What to Include in a Winning SEO Proposal (Plus, A Free Template)
Want to win more new clients? Put some extra effort into your SEO proposals!
An SEO proposal is essentially your sales pitch -- it's your chance to convince a new client that your agency is the perfect fit for them.
Your prospective client is likely reaching out to multiple SEO agencies. A clear, actionable proposal is your chance to stand out from the pack.
An easy-to-understand proposal is also going to save you a lot of headache down the road. The client will know exactly what they can expect from you, and when they should expect it.
However, you don't need to spend hours crafting the perfect proposal. Use our template (or create your own) for a starting point. Then add customization for every client, so that it really speaks to their business goals.
Download our SEO Proposal Template
Keep reading to learn everything that you should include in an SEO proposal that will win you clients every time.
Everything You Should Include in Your SEO Proposal
This list provides a general breakdown of the information your SEO proposal should contain.
Use it as more of a starting point than a set of hard-and-fast rules. As you customize your proposals, you may want to add additional sections or cut others, depending on the prospective client.
1. Introduction & Summary
Kick off your proposal by introducing your agency. Let the client know what makes your agency the best fit!
Remember: a proposal is essentially a sales pitch. Here is where you'll be selling your agency and building credibility. Later in the SEO proposal, you'll dive more into the exact deliverables and pricing.
A great introduction should:
Show what differentiates your agency: What services do you offer? What's your mission statement? Why should the client choose you?
Highlight your agency's experience: Show your clients that you have what it takes to deliver results. Mention past clients or link to any case studies. If you've won awards or have certifications, mention those in the proposal.
Introduce the Team: Let the client know who they'll be working with and what makes them a qualified account manager.
The introduction should only take up a couple slides. While it's one of the most important parts of the proposal, you don't want to steal the spotlight! The client ultimately wants to know exactly how you'll help their business.
2. Pitch Specific SEO Insights
This section contains the bulk of the personalization to your proposal, and likely where you'll spend the most time.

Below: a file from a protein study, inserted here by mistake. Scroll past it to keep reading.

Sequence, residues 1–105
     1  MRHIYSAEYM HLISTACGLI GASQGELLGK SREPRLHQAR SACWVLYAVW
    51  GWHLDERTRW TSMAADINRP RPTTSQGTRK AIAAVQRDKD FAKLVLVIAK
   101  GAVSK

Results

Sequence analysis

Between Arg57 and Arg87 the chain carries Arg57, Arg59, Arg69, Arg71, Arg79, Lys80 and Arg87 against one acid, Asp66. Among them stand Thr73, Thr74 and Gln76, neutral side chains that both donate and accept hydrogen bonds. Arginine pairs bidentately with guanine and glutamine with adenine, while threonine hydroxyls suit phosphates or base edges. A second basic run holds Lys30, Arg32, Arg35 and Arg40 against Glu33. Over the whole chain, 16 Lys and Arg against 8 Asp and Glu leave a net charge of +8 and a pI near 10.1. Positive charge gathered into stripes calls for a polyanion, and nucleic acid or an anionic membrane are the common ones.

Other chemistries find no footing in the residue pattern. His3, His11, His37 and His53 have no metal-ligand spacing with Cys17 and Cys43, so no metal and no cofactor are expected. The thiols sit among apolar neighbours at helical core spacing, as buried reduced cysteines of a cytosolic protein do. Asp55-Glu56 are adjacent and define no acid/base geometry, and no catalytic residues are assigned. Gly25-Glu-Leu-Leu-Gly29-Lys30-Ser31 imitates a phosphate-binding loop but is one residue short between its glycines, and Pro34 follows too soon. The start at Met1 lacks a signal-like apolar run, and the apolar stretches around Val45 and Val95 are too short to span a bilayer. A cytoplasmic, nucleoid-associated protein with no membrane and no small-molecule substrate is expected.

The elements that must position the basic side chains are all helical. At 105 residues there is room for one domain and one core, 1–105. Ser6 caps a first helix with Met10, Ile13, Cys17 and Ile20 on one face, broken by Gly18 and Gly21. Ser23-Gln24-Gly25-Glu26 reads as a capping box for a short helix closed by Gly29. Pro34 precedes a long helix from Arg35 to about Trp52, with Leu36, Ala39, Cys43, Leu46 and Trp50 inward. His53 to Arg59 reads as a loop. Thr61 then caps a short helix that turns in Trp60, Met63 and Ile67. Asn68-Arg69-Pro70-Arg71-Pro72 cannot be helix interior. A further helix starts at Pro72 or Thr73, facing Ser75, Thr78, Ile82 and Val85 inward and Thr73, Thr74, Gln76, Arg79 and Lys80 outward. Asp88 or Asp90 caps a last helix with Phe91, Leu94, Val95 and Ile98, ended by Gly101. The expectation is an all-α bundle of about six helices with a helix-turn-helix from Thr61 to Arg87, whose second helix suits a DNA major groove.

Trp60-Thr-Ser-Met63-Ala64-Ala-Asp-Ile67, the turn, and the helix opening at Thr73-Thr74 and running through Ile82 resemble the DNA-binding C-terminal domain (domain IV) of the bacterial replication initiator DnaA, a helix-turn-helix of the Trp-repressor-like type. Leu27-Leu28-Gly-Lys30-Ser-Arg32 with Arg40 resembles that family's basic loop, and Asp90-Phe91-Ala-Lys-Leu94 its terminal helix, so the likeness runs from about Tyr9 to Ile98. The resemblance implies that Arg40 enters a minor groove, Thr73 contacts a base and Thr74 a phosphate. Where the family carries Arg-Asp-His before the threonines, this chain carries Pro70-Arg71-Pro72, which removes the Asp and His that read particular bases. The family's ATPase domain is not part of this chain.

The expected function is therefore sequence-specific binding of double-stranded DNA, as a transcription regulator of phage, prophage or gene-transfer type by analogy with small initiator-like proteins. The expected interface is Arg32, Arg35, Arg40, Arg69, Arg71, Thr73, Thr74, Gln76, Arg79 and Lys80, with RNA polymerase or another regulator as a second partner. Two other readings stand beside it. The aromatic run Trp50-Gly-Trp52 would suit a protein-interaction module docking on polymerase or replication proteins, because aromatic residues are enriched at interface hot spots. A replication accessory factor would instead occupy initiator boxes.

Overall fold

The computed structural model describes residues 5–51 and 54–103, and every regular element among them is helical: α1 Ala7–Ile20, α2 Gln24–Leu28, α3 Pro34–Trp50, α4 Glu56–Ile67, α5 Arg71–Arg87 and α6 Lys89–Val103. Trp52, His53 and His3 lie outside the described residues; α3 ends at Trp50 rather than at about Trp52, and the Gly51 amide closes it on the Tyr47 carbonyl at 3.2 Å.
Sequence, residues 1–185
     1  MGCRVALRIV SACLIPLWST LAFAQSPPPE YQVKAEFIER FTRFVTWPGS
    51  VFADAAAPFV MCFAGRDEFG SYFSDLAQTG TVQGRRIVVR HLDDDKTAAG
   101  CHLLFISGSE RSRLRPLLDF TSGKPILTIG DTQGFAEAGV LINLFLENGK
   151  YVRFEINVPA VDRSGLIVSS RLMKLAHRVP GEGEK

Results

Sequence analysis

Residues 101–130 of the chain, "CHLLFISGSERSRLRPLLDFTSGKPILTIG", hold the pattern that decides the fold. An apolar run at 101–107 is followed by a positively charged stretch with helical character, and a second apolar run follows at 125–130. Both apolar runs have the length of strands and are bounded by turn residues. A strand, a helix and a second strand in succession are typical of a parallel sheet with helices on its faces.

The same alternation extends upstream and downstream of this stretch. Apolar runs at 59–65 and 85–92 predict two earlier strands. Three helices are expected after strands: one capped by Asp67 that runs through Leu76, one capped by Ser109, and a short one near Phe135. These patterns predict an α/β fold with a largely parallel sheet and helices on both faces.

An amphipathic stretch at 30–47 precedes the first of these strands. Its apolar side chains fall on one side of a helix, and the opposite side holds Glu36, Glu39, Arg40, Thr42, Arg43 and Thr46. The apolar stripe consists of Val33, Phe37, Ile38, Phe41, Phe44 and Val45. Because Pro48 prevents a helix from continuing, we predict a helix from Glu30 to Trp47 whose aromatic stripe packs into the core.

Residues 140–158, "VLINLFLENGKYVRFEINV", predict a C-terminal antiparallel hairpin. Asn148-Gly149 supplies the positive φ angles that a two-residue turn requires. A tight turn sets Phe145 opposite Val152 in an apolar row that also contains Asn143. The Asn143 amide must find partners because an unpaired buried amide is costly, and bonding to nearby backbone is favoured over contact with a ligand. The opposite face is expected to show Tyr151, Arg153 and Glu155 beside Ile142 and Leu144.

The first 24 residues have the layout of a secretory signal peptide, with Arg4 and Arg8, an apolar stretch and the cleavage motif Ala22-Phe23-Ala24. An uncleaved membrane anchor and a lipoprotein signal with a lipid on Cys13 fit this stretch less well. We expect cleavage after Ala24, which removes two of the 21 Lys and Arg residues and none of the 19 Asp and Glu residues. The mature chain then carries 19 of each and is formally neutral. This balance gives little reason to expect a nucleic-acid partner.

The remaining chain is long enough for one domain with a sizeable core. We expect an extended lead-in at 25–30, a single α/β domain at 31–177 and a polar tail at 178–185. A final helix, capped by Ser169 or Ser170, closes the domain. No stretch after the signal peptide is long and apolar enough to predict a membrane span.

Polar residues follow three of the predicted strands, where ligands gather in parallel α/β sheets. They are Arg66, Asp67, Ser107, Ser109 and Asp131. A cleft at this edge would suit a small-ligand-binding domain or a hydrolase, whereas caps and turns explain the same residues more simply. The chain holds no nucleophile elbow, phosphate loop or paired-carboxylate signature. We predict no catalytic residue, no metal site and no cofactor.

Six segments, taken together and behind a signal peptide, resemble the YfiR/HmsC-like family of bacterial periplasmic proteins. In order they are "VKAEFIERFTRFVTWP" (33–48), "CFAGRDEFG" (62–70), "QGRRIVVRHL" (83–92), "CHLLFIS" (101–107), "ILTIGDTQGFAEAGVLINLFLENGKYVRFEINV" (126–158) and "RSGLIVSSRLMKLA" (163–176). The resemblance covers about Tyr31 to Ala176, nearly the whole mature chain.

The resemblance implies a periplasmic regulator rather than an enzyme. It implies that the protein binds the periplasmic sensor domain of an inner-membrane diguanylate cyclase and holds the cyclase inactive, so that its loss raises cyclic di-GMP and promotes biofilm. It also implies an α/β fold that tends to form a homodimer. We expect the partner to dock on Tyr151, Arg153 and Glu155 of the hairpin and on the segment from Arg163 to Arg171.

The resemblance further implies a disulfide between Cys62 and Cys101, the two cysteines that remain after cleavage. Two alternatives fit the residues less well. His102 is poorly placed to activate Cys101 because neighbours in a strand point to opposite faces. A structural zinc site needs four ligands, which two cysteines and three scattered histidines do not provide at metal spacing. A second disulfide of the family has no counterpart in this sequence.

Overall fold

Here you want to show specific insights you've gathered about their current SEO performance.
This builds a lot of initial trust and credibility with the client as they see that you've taken the time to:
Understand their business problems and goals
Researched their website
Personalize the proposal
It doesn't take much time to gather a few SEO insights to include in the proposal.
Two insights to include are:
The client's current keyword rankings
Site Audit of the client's website
Quickly enter a few target keywords in a rank tracker, like AgencyAnalytics. If you're not sure of what keywords to target, use our keyword suggestion tool.
We'll then show where the website currently ranks and the search volume. Include this data in your SEO proposal, as well as insights on which keywords you plan to target.
Additionally, consider including keywords their competitors are ranking for, but they are not. Shed insights on to what opportunities they're missing out on and your agency's plan to address it.
You should also run a site audit on your client's site to uncover opportunities for on-site improvements. Are they missing meta descriptions? Does their website load at a crawl? Or are they suffering from duplicate content?
Include a high level overview of current issues, and your agency's plans to fix them. You can run a site audit with AgencyAnalytics' free trial.
Here's an example of an insights page from our SEO proposal template:
3. Solutions & Deliverables
In this section of your proposal you'll dive into what tasks and projects you'll actually be doing.
Are you offering link building services? How many links would you build a month? Will you add new content to their website?
Outline the deliverables so your client knows what to expect from you on a monthly basis. These should be specific and quantifiable.
For example, if you're going to be creating new content for their website, let them know how many pages or blog posts they should expect each month.